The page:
The summer vacation doldrums are here, providing I.Q. challenges to moviegoers of all ages, but for adolescents with a lot of free time on their hands, Super 8 promises something extra.
It’s the work of J.J. Abrams, the slam-bam hack writer-director of such junk as Star Trek and Mission Impossible 3 (OK, he also wrote the nifty, nail-biting road thriller Joy Ride, which I liked a lot), but this time the producer is Steven Spielberg, so you have a right to expect something with a bit more quality. Sorry to dash your hopes, but it’s just more of the same junk. Junk for children, with an estimated $45-million budget. There oughta be a law.
The premise is simplicity itself. In the summer of 1979, six school chums in a small steel-mining town in Ohio decide to make a zombie movie with a hand-held 8-mm. camera to enter in a Cleveland film competition. A smart, imaginative kid named Joe Lamb (Joel Courtney), wise beyond his years like Henry Thomas in E.T., does lights, monster makeup and special effects. Joe has recently lost his mother in a mining accident, but despite the bravery and can-do attitude that make him a leader among the others, he still carries around his late mom’s locket for good luck. He also harbors a secret crush on Alice (Elle Fanning), who objects to working with Joe because his father (Kyle Chandler, who plays the football coach on the popular TV series Friday Night Lights) is the deputy sheriff who arrested her father for drunkenness at Joe’s mother’s funeral. In fact, both Joe and Alice have been forbidden to continue working on their little home movie, which their fathers consider a frivolous waste of time, but secretly continue, disobeying orders and sneaking out at night when their Dads aren’t home. This is easier than it sounds, since zombie movies are all night scenes anyway, right?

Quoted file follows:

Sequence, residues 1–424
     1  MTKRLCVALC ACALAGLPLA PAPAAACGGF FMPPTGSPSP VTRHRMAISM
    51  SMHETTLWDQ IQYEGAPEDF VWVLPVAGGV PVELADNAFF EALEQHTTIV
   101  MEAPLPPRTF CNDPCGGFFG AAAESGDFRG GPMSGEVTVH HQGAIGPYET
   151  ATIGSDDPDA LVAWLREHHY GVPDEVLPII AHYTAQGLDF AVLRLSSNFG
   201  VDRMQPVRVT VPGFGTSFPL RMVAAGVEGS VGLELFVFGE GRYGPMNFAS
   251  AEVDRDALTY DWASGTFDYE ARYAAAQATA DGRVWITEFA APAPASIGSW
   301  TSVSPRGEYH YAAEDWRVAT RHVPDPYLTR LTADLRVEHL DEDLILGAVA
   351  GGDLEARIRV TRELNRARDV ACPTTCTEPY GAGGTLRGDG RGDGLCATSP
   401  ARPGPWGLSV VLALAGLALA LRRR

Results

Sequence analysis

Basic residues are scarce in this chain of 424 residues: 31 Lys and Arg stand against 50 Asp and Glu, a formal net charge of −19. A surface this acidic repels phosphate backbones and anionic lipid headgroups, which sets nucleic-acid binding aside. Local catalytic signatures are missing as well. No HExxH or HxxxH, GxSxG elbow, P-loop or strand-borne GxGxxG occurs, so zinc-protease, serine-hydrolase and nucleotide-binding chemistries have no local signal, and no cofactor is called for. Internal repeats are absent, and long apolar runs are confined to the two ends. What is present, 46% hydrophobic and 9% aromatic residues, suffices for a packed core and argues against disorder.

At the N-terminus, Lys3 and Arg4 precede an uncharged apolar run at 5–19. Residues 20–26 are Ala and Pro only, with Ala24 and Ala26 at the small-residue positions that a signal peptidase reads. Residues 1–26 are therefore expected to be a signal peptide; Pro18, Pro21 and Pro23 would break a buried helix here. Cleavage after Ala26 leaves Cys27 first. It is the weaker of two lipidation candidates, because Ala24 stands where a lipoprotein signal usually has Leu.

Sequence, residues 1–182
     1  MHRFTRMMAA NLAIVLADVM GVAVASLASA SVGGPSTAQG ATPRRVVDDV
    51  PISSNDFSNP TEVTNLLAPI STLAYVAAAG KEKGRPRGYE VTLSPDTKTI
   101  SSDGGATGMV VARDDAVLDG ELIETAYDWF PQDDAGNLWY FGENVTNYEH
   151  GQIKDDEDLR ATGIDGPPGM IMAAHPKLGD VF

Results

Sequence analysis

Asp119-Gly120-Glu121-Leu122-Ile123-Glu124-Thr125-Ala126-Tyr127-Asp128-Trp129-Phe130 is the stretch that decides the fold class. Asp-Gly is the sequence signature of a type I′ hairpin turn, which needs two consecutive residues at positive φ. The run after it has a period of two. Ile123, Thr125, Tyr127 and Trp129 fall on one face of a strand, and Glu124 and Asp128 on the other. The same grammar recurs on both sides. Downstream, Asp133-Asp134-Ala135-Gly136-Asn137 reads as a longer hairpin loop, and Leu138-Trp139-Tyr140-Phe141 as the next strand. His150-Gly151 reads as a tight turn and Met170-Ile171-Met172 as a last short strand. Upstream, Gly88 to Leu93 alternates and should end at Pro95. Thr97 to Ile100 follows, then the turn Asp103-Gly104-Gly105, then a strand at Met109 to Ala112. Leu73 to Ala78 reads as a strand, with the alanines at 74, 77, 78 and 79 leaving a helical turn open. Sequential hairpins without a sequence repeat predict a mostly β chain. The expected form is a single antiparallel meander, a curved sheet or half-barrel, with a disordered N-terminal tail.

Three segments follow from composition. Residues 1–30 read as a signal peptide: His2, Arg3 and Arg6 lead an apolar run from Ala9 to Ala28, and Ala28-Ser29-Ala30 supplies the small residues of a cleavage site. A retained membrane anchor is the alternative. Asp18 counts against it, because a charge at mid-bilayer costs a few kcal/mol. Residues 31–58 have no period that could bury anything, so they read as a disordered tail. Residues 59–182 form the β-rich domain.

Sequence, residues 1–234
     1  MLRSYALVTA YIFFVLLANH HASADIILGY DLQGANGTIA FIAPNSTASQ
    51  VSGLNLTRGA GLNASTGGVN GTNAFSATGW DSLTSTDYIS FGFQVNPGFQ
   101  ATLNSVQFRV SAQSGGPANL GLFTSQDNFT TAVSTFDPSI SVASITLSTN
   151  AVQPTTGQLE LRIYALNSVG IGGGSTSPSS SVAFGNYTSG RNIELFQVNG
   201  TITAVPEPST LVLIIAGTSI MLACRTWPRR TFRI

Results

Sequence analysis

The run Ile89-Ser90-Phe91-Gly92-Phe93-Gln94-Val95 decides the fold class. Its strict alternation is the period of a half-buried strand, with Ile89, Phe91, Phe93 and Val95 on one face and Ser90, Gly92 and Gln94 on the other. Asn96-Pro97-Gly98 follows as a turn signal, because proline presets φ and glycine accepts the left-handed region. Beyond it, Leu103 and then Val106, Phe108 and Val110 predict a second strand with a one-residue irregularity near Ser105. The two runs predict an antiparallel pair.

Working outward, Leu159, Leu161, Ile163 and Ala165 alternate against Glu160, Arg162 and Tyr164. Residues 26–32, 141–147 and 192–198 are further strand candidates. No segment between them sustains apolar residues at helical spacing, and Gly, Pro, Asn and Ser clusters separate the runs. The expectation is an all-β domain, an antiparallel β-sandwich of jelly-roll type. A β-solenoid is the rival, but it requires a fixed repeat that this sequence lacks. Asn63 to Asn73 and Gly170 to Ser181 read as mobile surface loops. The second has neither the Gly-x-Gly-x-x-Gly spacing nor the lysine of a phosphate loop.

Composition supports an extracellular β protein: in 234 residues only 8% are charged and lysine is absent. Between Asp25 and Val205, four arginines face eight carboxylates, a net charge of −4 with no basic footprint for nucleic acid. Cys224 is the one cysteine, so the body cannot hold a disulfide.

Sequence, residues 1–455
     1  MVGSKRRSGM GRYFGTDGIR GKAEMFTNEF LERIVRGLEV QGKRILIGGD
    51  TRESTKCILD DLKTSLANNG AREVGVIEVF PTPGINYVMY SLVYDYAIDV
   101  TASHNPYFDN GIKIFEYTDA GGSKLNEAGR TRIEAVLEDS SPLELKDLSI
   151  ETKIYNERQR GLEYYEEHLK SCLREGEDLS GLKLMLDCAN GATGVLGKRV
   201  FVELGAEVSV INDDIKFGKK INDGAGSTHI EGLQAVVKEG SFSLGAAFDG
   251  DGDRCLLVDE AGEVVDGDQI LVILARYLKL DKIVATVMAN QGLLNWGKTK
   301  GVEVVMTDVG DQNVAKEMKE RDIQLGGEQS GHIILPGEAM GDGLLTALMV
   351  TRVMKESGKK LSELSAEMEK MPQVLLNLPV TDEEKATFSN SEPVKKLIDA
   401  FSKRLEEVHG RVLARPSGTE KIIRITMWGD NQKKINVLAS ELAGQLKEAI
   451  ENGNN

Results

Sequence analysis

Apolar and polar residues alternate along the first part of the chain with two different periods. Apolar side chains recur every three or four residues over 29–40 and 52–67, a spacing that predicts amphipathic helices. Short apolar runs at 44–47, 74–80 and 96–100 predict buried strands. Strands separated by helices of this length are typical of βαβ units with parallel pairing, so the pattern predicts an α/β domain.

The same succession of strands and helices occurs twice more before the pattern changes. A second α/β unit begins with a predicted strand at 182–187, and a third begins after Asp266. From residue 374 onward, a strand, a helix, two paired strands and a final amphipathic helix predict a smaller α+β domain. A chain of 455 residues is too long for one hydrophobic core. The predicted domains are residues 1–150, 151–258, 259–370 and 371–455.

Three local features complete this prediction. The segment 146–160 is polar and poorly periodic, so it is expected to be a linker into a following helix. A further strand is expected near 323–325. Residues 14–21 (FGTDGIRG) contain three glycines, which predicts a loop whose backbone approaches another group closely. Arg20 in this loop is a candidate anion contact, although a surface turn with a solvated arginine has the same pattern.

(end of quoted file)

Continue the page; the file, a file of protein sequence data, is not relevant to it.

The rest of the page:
But one night while filming at the depot, they accidentally witness a spectacular train crash (and we witness some spectacular special effects that get the movie off to a breathtaking start). Out of the wreckage, a man warns: “Do not speak of this or you and your parents will die.” Good advice. Because, wouldn’t you know, an alien from outer space also emerges. This is no cuddly E.T., but a monolithic monster capable of destroying everything in its path, and it’s hopping mad. Automobile transmissions fail, generators die, all of the pets in town disappear, telephone wires vanish, water and electricity are on the fritz—and the kids caught it all on their Super 8! It’s all the result of some evil plan, natch, cooked up by the U.S. Air Force, in a secret military operation to imprison and study a master race from another planet… but never mind. You needn’t concern yourself about things like plot, character development, and science. Better to just let the charm and resourcefulness of the six kids take over, enjoy the sci-fi effects that appear at the beginning and end of the movie, and be grateful for small favors.
This movie is divided into two halves: the movie within the movie, and the stuff about the monster destroying the town that only the kids can save. The best thing about Super 8, by far, are the kids, all perfectly cast. The script does a much better job making them believable and real than the adults. The funniest parts of the movie center on the process of filming their zombie epic. Cary (Ryan Lee) is the one who likes to set fires and blow things up. Martin (Gabriel Basso) is the dashing leading man who bursts into tears when real danger threatens. Best of all, there is director Charles (Riley Griffiths), the overweight, tyrannical Orson Welles of the pack, weaned on cheesy B-movie monsters-and-mayhem thrillers, who doesn’t care what calamities occur as long as the camera keeps rolling. Watching these youngsters following their dream against all odds, I found myself getting some of my inner child back and laughing out loud at the same time. The rest of the movie steals shamelessly from Alien, The Thing, and every other space visitor flick ever made, including Spielberg’s own Close Encounters of the Third Kind. It takes forever, but when we finally come face to face with the actual monster, it’s as silly as it is enigmatic—rolling its eyes like Casper the Friendly Ghost while sucking air-conditioners and toaster ovens into a heap like a walking garbage dump! Turns out he’s just homesick, and all it takes to calm him down is Joe’s locket. He’s no E.T. but he still understands “Go home.” By that time, I could hardly wait myself.
Written and directed by J.J. Abrams
Starring Elle Fanning, Kyle Chandler, AJ Michalka